Now that Valery Hronusov has his Google Spreadsheet code tweaked to create KML for Google Sky, he has put it to immediate good use: Cataloguing nearby stars.
Here is his Google Spreadsheet showing the nearest stars to the Sun, sorted by class. By using the CONCATENATE function, which let him plug the table’s values into a KML template, Valery has made a series of network links that brings this data into Google Sky. And yes, should he change the data, the network link updates immediately.
He used the Nearby Stars Database as his source, and in doing so discovers yet another use for Google Sky:
Also I fixed 6-7 bugs in the data source in this process. GE Sky is a very good tool for checking and comparison of data from different sources.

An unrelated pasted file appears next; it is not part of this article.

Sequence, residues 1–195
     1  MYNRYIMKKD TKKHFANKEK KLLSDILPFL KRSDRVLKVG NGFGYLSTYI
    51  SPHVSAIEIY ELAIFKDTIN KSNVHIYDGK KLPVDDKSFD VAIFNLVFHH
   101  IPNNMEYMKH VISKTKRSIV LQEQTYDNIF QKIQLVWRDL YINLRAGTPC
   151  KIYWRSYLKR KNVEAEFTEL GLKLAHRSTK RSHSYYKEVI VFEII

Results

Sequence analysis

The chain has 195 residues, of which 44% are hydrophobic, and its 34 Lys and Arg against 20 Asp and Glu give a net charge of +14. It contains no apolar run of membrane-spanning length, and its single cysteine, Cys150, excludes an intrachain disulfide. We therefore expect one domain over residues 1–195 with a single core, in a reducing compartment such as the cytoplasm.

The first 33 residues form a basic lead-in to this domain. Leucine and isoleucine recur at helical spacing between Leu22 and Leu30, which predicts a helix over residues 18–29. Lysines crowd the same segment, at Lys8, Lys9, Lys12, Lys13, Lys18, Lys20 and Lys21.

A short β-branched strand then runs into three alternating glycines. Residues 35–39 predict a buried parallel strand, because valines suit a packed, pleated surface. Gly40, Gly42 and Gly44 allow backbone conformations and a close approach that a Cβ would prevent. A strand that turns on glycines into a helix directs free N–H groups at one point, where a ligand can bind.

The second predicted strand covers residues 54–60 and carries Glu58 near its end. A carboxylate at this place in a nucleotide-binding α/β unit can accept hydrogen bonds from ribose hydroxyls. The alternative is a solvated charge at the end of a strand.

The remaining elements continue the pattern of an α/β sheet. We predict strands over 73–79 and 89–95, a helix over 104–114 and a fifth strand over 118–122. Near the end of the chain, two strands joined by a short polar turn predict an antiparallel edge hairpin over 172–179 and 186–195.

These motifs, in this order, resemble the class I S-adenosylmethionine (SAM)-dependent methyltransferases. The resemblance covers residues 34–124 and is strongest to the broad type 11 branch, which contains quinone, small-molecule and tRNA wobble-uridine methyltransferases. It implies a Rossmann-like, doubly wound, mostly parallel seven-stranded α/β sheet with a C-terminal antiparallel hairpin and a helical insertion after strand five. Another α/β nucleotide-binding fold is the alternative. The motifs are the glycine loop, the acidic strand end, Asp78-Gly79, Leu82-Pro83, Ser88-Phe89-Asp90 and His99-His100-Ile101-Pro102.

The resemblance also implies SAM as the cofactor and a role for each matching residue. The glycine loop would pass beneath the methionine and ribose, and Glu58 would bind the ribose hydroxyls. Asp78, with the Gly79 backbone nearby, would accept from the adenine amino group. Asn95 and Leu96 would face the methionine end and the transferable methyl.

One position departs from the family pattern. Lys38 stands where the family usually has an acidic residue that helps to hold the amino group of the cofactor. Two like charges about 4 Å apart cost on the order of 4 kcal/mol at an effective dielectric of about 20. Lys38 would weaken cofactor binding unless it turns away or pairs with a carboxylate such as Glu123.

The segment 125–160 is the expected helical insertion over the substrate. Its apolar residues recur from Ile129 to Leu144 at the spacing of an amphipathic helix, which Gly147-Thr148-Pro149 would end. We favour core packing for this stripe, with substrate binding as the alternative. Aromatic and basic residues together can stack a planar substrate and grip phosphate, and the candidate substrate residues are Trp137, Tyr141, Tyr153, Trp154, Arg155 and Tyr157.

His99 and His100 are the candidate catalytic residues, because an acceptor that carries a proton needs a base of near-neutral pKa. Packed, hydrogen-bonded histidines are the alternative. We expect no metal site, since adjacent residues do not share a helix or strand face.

That’s because until now, there was no easy way of mashing up astronomical data on top of an accurate background dataset. That’s precisely what Google Sky lets you do.
And while we’re on the topic of interesting content for Google Sky, check out this post on Google Earth Community, where syzygy has been “astroreferencing” (as opposed to georeferencing) NASA’s Astronomy Pictures of the Day against Google Sky’s background layer. The improvement in detail can be enormous.